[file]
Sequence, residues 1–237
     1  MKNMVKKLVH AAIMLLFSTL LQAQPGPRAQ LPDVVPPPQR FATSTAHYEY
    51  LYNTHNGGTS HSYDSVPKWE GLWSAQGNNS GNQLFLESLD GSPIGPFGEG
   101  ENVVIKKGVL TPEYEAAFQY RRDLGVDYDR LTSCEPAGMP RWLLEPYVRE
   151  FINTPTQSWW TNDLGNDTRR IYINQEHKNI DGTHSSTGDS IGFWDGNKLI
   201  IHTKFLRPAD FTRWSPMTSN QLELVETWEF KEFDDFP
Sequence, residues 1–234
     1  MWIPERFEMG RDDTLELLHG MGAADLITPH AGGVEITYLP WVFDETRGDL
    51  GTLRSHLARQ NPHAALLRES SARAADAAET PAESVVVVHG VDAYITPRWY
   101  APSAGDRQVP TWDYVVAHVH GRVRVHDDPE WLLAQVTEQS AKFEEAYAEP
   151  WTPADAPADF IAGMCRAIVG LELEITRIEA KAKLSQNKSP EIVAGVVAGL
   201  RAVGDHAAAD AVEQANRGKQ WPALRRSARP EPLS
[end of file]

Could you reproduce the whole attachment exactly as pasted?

Sequence, residues 1–237
     1  MKNMVKKLVH AAIMLLFSTL LQAQPGPRAQ LPDVVPPPQR FATSTAHYEY
    51  LYNTHNGGTS HSYDSVPKWE GLWSAQGNNS GNQLFLESLD GSPIGPFGEG
   101  ENVVIKKGVL TPEYEAAFQY RRDLGVDYDR LTSCEPAGMP RWLLEPYVRE
   151  FINTPTQSWW TNDLGNDTRR IYINQEHKNI DGTHSSTGDS IGFWDGNKLI
   201  IHTKFLRPAD FTRWSPMTSN QLELVETWEF KEFDDFP
Sequence, residues 1–234
     1  MWIPERFEMG RDDTLELLHG MGAADLITPH AGGVEITYLP WVFDETRGDL
    51  GTLRSHLARQ NPHAALLRES SARAADAAET PAESVVVVHG VDAYITPRWY
   101  APSAGDRQVP TWDYVVAHVH GRVRVHDDPE WLLAQVTEQS AKFEEAYAEP
   151  WTPADAPADF IAGMCRAIVG LELEITRIEA KAKLSQNKSP EIVAGVVAGL
   201  RAVGDHAAAD AVEQANRGKQ WPALRRSARP EPLS